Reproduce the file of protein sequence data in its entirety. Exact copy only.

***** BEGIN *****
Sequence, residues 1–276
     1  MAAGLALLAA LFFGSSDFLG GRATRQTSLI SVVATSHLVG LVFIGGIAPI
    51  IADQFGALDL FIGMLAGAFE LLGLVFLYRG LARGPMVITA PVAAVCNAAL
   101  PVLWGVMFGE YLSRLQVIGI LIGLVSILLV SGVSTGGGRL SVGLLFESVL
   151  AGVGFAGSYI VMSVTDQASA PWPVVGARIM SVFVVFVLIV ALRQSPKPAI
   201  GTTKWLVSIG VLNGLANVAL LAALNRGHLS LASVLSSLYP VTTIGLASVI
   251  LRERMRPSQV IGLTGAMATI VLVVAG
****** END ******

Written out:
Sequence, residues 1–276
     1  MAAGLALLAA LFFGSSDFLG GRATRQTSLI SVVATSHLVG LVFIGGIAPI
    51  IADQFGALDL FIGMLAGAFE LLGLVFLYRG LARGPMVITA PVAAVCNAAL
   101  PVLWGVMFGE YLSRLQVIGI LIGLVSILLV SGVSTGGGRL SVGLLFESVL
   151  AGVGFAGSYI VMSVTDQASA PWPVVGARIM SVFVVFVLIV ALRQSPKPAI
   201  GTTKWLVSIG VLNGLANVAL LAALNRGHLS LASVLSSLYP VTTIGLASVI
   251  LRERMRPSQV IGLTGAMATI VLVVAG